Fluorescence laser scanning microscopy (LSM) [1
] is widely used for imaging bio-molecular organization and dynamics in living cells and tissue. Central to the LSM is the photon detector for measuring the fluorescence emitted from the sample. The most commonly used photon detector is the photomultiplier tube (PMT), due to its high sensitivity and low cost.
Briefly, the PMT functions by converting an incident photon into a photo-electron at the photocathode. This electron produces a large number of secondary electrons from a series of charged cathodes, generating a measureable current pulse at the anode. In most commercial microscopes, analogue detection is utilized where the output current from the PMT is integrated over the pixel dwell time, converted into a voltage and then digitized to provide a number (DN), which is proportional to the number of incident photons. When the PMT is used to detect a low photon flux, a large amount of electron gain is required in the PMT to give a detectable level of current. This can result in significant ‘dark noise’ due to thermal events in the photocathode, multiplicative noise that can result in a variation of the magnitude of the current pulse, and increased noise in the signal digitization. These all contribute to noise above the shot noise limit of the incident photon flux.
In biological samples, noise is of particular concern, because a low excitation power and low amount of fluorophore labeling is often necessary to avoid phototoxic effects perturbing the sample. An alternative method of detection, suitable for lower levels of photon flux, is pulse counting detection or single-photon counting (SPC) (see chapters 2&12 in [1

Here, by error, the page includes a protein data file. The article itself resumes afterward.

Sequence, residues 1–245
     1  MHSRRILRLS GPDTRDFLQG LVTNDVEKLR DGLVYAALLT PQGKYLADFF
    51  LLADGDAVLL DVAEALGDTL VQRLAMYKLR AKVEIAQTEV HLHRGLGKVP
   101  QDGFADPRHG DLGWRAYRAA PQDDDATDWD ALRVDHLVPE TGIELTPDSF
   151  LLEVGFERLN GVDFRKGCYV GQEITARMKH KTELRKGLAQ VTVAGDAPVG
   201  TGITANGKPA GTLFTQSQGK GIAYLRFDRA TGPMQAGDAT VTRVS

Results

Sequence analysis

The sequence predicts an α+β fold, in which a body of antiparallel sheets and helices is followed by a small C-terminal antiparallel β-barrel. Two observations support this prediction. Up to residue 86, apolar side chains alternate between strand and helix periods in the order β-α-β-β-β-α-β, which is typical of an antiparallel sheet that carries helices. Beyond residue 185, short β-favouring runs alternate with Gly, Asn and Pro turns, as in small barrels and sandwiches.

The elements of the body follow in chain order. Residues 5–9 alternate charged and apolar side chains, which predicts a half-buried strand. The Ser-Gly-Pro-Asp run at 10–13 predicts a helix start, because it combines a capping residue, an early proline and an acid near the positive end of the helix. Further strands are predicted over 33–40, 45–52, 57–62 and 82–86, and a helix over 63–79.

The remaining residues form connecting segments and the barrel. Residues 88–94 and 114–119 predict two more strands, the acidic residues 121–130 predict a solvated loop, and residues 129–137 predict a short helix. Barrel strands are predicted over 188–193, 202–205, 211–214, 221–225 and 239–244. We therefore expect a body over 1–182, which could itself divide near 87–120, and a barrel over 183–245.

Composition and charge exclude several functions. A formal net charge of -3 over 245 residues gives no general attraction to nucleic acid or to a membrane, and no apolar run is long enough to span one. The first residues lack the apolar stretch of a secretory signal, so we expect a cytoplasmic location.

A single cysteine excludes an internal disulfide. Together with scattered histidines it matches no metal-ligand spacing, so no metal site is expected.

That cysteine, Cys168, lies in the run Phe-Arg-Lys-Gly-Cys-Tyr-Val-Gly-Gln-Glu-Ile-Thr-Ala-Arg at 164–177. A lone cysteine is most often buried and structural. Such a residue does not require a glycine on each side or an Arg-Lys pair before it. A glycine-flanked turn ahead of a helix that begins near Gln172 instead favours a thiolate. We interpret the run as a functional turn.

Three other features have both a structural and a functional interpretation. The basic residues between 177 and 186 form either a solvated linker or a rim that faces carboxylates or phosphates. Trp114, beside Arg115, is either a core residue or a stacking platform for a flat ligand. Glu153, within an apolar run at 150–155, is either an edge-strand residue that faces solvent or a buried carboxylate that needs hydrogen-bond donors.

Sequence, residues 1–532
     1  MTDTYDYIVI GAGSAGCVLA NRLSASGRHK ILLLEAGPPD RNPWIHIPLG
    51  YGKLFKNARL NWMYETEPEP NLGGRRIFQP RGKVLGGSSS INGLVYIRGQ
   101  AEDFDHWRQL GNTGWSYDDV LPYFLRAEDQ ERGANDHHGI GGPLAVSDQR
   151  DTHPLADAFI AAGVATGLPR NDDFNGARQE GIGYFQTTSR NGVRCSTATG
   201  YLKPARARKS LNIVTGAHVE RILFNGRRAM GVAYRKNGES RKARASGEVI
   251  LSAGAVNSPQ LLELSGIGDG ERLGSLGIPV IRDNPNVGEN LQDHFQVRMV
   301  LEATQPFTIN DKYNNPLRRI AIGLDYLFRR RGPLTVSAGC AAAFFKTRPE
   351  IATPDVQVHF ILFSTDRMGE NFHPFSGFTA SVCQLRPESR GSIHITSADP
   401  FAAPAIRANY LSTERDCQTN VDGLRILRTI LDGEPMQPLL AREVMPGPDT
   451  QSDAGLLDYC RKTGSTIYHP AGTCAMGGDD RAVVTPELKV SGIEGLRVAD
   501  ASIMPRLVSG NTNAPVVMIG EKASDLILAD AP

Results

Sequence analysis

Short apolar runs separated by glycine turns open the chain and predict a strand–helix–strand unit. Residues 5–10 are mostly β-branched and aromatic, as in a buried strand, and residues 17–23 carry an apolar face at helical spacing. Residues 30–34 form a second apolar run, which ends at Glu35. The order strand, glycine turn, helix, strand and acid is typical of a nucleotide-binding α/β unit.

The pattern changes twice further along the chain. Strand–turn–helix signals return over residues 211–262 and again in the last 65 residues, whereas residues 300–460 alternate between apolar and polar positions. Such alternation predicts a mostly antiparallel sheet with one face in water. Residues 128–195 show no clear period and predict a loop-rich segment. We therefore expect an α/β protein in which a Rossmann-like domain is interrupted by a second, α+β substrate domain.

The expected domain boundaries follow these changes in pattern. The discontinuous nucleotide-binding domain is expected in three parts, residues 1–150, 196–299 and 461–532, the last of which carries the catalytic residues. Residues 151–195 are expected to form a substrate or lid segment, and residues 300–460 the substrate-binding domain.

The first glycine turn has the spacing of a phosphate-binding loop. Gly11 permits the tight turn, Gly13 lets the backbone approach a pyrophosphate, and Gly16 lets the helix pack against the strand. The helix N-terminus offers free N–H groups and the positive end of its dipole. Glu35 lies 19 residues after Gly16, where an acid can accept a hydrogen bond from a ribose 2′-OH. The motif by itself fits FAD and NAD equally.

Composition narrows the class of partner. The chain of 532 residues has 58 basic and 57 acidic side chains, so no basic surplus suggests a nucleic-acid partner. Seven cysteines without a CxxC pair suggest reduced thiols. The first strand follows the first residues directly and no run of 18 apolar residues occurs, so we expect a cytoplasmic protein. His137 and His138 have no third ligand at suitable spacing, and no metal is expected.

] for further description of photon counting detection). In this method, a cooled PMT is utilized which will give a tightly distributed current pulse with an amplitude well separated from background dark events. Individual photon events can thus be counted with minimal additional noise and background signal being introduced to the signal by the detector PMT. To utilize single-photon counting detection in LSM, high-speed logic operations are required in order to detect, count and allocate individual current pulses. Recently, field programmable gate arrays (FPGAs) have been developed that allow programmable logic to be incorporated with high speed and flexibility on a single microprocessor.
In this letter, we describe the implementation of a single-photon counting (SPC) detector for the detection of two-photon excited fluorescence. Two-photon excitation LSM [2
] is often used for imaging in vivo
cellular dynamics and cellular autofluroescence due to the increased imaging depths and reduced photo-toxicity to the sample [3